No, I think the question is, "will I grab these openings to become someone who's already doing work at a higher level?"

Act 'as if'. If the people around you don't figure out what an asset you've become, someone else will.

Sometimes, you have to believe it in order to see it

In a hyper-rational world, this sounds like voodoo. Persuading ourselves in advance is no way to see the world as it is.

But what if your goal is to see the world as it could be?

It's impossible to do important innovation in any field with your arms crossed and a scowl on your face.

Missouri might be the show-me state, but I'd rather be from the follow-me state.  {12}

Bikes and cars

Bikes should give way to cars:

  • Cars are bigger
  • Cars are faster
  • Cars are powerful
  • A car can hurt a biker
  • Cities are built for commerce, and powered vehicles are the engine of commerce
  • It's inefficient for a car to slow down
  • I'm in a car, get out of my way
  • I'm on a bike, I'm afraid

Cars should give way to bikes:

  • Bikers need a break
  • Bikers are more fragile
  • Bikes aren't nearly as powerful
  • A car can hurt a biker
  • Cities are built by people, and while commerce is a side effect, the presumption that cars are the reason for a city is a bit... presumptuous
  • It's a lot of work for a bike to stop and start again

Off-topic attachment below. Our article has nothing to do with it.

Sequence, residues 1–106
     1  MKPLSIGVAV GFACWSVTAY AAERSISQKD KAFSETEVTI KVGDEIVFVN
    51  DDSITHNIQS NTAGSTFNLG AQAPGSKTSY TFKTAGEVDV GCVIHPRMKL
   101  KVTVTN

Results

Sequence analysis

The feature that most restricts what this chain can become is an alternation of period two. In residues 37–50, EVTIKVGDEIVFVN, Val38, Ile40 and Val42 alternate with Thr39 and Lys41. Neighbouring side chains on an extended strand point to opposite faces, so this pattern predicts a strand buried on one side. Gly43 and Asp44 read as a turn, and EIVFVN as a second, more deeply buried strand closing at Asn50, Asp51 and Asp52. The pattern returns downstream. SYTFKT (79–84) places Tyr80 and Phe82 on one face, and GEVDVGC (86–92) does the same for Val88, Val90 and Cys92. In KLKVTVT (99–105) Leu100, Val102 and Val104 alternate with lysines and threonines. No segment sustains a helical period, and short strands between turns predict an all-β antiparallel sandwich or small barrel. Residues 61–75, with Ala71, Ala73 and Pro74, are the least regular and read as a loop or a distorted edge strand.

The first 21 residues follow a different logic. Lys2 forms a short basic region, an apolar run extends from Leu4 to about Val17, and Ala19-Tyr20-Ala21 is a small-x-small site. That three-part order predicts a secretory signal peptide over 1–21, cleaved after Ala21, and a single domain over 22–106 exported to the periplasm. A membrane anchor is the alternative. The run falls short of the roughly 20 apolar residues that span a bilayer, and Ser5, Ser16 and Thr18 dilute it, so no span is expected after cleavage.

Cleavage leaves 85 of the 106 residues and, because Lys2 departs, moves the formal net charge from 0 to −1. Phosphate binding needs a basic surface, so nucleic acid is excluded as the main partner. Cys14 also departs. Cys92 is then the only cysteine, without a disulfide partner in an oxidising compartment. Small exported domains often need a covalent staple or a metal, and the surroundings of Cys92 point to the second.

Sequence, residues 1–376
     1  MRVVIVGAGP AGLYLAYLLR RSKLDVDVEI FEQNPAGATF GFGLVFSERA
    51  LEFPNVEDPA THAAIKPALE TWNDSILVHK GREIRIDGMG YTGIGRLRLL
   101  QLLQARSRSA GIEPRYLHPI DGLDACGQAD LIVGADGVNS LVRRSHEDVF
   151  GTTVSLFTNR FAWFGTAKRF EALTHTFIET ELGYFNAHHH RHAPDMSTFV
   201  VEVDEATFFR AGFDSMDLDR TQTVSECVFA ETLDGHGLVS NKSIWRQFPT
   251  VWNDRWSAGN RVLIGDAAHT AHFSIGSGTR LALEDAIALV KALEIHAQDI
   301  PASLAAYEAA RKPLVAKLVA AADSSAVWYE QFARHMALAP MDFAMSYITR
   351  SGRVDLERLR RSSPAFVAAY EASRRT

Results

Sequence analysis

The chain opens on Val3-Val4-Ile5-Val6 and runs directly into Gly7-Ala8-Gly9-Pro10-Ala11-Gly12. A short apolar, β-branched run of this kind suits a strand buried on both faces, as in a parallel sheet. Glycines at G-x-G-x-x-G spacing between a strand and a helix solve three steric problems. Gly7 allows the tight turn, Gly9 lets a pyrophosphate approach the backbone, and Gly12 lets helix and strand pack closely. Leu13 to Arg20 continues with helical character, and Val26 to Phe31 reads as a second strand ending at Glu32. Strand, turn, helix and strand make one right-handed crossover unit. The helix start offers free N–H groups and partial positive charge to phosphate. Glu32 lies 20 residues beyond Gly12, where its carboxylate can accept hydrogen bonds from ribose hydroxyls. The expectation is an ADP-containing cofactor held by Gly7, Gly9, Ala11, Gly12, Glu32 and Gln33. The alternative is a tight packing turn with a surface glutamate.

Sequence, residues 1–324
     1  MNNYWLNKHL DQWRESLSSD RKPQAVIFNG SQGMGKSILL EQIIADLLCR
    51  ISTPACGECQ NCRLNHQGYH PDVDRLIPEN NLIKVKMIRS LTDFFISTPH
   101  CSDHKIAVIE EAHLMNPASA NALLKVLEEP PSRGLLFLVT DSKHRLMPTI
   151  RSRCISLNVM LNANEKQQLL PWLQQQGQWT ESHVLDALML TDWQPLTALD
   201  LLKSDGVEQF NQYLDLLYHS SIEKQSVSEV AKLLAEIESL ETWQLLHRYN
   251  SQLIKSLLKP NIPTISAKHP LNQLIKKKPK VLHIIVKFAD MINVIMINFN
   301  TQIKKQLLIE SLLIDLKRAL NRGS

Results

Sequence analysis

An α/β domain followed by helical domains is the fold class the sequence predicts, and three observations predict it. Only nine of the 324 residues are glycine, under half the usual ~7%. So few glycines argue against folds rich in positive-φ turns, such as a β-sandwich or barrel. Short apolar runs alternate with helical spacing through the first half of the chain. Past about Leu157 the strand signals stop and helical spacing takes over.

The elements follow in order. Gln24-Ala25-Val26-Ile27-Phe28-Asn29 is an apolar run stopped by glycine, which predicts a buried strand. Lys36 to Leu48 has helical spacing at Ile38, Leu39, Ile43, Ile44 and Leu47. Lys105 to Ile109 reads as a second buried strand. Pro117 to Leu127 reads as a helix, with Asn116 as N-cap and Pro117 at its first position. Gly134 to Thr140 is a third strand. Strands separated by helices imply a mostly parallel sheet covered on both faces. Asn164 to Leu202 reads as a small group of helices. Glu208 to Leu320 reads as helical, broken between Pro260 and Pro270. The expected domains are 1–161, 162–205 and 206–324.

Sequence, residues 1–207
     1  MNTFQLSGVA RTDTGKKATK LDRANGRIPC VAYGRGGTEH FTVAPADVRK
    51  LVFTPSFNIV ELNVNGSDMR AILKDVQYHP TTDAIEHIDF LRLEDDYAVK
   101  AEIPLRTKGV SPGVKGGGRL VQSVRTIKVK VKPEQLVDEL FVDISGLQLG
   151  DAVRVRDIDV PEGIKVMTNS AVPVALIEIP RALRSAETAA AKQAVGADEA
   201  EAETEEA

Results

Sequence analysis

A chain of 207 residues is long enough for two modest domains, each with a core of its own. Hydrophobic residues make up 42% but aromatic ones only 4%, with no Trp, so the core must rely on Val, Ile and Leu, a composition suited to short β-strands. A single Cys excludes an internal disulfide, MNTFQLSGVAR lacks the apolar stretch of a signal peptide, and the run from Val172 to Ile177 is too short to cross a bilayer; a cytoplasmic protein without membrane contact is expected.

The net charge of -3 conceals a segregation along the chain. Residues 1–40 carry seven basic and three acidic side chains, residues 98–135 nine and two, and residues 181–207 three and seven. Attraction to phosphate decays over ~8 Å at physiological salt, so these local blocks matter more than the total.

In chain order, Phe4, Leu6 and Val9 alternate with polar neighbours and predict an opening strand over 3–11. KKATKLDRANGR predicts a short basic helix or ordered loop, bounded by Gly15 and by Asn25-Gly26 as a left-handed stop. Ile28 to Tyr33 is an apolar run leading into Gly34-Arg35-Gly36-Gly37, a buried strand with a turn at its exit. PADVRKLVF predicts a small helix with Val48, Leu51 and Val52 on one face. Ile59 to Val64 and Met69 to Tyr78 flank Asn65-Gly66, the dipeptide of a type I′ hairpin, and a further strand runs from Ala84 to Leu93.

• I'm on a bike, get out of my way
  • I'm in a car, I see you

This dichotomy is, of course, a metaphor, a Rorschach that tells each of us a lot about how we see the world. 

On feeling like a failure

Feeling like a failure has little correlation with actually failing.

There are people who have failed more times than you and I can count, who are happily continuing in their work.

There are others who have achieved more than most of us can imagine, who go to work each day feeling inadequate, behind, and yes, like failures and frauds.

These are not cases of extraordinary outliers. In fact, external data is almost useless in figuring out whether or not someone is going to adopt the narrative of being a failure.

Failure (as seen from the outside) is an event. It's a moment when the spec isn't met, when a project isn't completed as planned.

Feelings, on the other hand, are often persistent, and they are based on stories. Stories we tell ourselves as much as stories the world tells us. 

As a result, if you want to have a feeling, you'll have it. If you want to seek a thread to ravel, you will, you'll pull at it and focus on it until, in fact, you're proven right, you are a failure.

Here's the essential first step: Stop engaging with the false theory that the best way to stop feeling like a failure is to succeed.